In other adverts women were portrayed as the ultimate seductress, wearing heavy make-up and smoking cigarettes. Each image entices the males to not trust women, all they want is to give you deadly diseases. One even showed a lady with a gun along with the tagline “loose women may also be loaded with disease.”

The adverts were created when the military, during the First World War, discharged more than 10,000 men because they had contracted an STD. This was the biggest case of loss of duty next to the great spread of influenza throughout 1918 -1919.


10. When Your Doctor Would Recommend You Smoked


If you weren’t already a smoker back in the 1940’s, then the tobacco industry was always thinking up smart new ways to turn you into one. The public were worried that, if rumours were to be believed, smoking could be damaging to your health. How did they deal with it? They pictured doctors in their adverts because, well – everyone trusts a doctor.

However, here’s the trick: any doctor caught engaging in advertising would lose their licence so the image of the trustworthy man above telling you to grab a packet of Camels is someone who doesn’t actually exist. The campaign ran throughout the 1940’s.

The claims the brand made would have to be true if they wished to have the advert printed. In order to gain the statistic, the surveyors would give doctors free packets of Camel cigarettes. Then when they exited the building there would be another surveyor outside asking them which brand of cigarettes they carried in their pocket. This then showed that many doctors did prefer camel cigarettes as nearly all questioned were surprisingly carrying a packet, what are the chances?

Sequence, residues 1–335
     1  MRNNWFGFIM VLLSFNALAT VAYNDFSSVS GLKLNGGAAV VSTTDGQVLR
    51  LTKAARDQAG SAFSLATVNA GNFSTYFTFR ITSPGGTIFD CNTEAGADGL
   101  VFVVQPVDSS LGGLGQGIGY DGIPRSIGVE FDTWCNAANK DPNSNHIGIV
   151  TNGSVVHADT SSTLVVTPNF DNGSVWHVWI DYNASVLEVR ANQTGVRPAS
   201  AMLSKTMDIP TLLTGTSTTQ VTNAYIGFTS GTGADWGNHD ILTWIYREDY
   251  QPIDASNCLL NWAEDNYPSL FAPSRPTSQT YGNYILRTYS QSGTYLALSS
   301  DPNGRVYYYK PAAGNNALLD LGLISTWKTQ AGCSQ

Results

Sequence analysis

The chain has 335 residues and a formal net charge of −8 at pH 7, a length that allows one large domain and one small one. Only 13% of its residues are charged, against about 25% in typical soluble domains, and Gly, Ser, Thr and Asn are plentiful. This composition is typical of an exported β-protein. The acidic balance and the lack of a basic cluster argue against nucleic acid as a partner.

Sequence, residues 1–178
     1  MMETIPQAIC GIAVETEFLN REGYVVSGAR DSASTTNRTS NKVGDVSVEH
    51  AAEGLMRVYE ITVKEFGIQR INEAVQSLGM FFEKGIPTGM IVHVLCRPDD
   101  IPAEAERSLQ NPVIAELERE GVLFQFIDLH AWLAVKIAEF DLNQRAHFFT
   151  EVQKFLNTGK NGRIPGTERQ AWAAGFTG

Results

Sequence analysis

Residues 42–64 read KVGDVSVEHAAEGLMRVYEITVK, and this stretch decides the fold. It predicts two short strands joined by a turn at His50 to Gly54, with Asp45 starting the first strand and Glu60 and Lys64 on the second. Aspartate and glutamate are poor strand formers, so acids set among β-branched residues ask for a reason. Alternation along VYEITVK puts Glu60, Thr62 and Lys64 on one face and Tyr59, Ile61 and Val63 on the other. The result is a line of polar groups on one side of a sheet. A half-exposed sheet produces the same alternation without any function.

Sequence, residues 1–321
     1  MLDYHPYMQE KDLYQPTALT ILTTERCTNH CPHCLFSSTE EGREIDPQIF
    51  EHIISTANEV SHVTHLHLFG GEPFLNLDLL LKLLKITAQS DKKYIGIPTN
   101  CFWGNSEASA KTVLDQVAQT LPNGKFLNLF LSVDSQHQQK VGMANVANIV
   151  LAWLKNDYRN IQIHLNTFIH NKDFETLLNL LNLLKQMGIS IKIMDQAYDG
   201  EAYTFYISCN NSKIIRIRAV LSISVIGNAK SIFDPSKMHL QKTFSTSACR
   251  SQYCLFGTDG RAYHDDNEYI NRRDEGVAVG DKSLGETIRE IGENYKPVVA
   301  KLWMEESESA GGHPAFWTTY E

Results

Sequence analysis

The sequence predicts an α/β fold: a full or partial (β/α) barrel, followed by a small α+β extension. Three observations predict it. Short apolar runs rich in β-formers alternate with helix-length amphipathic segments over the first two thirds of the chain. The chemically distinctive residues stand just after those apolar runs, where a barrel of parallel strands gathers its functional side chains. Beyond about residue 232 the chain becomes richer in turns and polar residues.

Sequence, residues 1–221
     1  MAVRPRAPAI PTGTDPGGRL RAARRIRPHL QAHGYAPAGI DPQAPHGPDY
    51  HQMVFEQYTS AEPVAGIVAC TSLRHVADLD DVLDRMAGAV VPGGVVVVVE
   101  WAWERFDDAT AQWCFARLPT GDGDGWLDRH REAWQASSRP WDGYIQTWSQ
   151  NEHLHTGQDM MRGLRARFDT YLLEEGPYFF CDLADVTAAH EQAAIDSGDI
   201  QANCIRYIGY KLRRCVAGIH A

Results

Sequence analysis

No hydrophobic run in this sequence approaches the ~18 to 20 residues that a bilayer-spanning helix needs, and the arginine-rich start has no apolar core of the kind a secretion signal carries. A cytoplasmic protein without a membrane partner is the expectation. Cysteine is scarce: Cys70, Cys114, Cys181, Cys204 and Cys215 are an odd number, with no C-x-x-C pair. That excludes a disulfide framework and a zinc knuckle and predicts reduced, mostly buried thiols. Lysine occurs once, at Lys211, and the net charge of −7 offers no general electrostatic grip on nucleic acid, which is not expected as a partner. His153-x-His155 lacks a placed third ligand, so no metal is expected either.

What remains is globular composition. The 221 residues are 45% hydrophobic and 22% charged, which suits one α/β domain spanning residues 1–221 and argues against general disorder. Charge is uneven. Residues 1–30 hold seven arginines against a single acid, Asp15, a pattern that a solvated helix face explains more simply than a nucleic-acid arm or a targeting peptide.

11. When Babies All Loved A Bottle of 7UP


The idea today that high in sugar, fizzy drinks could be promoted as a healthy option for babies is unbelievable, but in the 1970’s 7Up encouraged mothers that their product was so wonderfully pure – it was completely safe for newborns. The adverts tag line boldly declares they have “the youngest customers in the business”.

The smaller print on the advert actually reads:

“This young man is 11 months old and he isn’t our youngest customer by any means. For 7Up is so pure, so wholesome, you can even give it to babies and feel good about it. Look at the back of a 7Up bottle. Notice that all our ingredients are listed. (That isn’t required of soft drinks, you know — but we’re proud to do it and we think you’re pleased that we do.) By the way, Mom, when it comes to toddlers — if they like to be coaxed to drink their milk, try this: Add 7Up to the milk in equal parts, pouring the 7Up gently into the milk. It’s a wholesome combination — and it works! Make 7Up your family drink.”

The campaign came after several unsuccessful attempts to market the drink (they tried everything from using ‘7UP to freshen up’ and also claiming it was an incredible hangover cure) the company finally struck gold when they targeted mothers.

Throughout the years the company has changed ownership many times; originally owned by Philip Morris, then Cadbury-Schweppes, and then becoming part of the Dr Pepper Snapple Group. During the change of hands the adverts were pulled as the executives of each group wouldn’t dream of showing a soda-guzzling toddler in their adverts.


12. When Your Husband’s Mistress Had Better Breath Than You


Advertising is at it’s most influential when it follows these three easy steps: 1) Find a problem, even if it’s a problem people didn’t know they had; 2) Exaggerate anxiety around the problem; 3) Sell them the cure. This is often referred to as ‘advertising by fear’ and during the late 1920’s/early 1930’s one of the most common anxieties women had was poor dental hygiene.

Chlorodent toothpaste then ran with this genius idea. The anxiety was a woman may feel as if her breath, especially first thing in the morning, isn’t fresh enough. They exaggerate the problem by bullying the consumer into believing their husband is running off with a different fresh-mouthed fancy. Then in for the kill: simply buy Chlorodent toothpaste and get one up on your husband’s mistress; it’s a no-brainer.

The tagline under the main image reads, “No wife wants her husband to carry the memory of her morning breath to work with him. The attractive women he meets during the day don’t have it.” This also entices the emotion that women are constantly in competition with each other and may the freshest woman win.

(This original article was published on The Richest)